HC Deb 06 July 1992 vol 211 cc13-4
32. Mr. Dickens

To ask the Attorney-General if he will make a statement on his practice in referring cases to the Court of Appeal for possible increase of sentences.

The Attorney-General

Since 1 February 1989, when this power came into effect, my predecessor and I have applied for leave to refer 86 sentences to the Court of Appeal, including five to the Court of Appeal of Northern Ireland. Ten were later withdrawn in the light of futher information, but of the 61 so far reviewed, 48 have resulted in substantially increased sentences.

Mr. Dickens

Does my right hon. and learned Friend agree that to retain public confidence the sentence must fit the crime and should provide the victim with some comfort? Does he further agree that the sentence should contain an element of retribution, punishment and deterrence? If all those are seen to be in place, the public are satisfied—but in so many instances they feel that judges pass sentences that do not fit the crime.

The Attorney-General

I entirely agree that in sentencing, not only must there be an opportunity for over-severe sentences to be reduced by the Court of Appeal but that public confidence requires that where a sentence is unduly lenient, the court should have an oppportunity to fix a more appropriate and, where necessary, more severe sentence.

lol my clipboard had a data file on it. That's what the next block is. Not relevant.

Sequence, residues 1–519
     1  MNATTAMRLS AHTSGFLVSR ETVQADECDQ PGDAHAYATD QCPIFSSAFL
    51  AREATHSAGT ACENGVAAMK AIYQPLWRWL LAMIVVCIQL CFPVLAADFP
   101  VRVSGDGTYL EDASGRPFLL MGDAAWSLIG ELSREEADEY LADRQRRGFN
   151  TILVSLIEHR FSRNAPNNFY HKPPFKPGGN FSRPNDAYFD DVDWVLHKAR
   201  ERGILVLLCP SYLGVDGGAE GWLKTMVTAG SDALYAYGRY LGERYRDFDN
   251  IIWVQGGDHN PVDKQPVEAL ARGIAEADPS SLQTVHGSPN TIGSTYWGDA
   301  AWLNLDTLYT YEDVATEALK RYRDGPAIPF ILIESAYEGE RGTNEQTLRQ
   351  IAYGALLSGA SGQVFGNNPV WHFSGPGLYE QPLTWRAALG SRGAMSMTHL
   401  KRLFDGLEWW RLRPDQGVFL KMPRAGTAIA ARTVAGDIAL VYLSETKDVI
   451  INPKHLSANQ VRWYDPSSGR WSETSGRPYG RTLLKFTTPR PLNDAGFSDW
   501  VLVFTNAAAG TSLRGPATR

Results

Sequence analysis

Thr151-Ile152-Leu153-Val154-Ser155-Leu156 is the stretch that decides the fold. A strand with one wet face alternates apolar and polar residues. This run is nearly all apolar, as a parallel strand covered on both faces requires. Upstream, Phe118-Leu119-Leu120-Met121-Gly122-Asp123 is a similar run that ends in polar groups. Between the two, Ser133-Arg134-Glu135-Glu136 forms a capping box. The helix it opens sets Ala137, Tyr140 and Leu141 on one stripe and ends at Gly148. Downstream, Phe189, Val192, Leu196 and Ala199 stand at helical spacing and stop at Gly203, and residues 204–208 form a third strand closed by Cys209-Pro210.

Mr. Cryer

Does the Attorney-General accept that in a case that I referred to him in which the relatives of a man prosecuted for serious sexual abuse over many years made the dramatic and courageous decision to appear in court, they were deeply disappointed that the right hon. and learned Gentleman did not choose to appeal against the sentence of probation? As the Attorney-General knows, that sentence allowed the convicted man to be seen by his last victim—a 12-year-old—wandering around a local town. The relatives felt deeply betrayed because the Government did not ensure that a sentence was imposed that would ensure that that man was kept well away from the area where he committed his vicious crimes.

The Attorney-General

I am aware of the details of the case that the hon. Gentleman referred to me. Such cases are not easy. It is essential that the considerable power to refer a sentence as unduly lenient should be exercised by the Law Officers after careful examination of the facts and in the light of the principles of sentencing, which are carefully laid down by the Court of Appeal.

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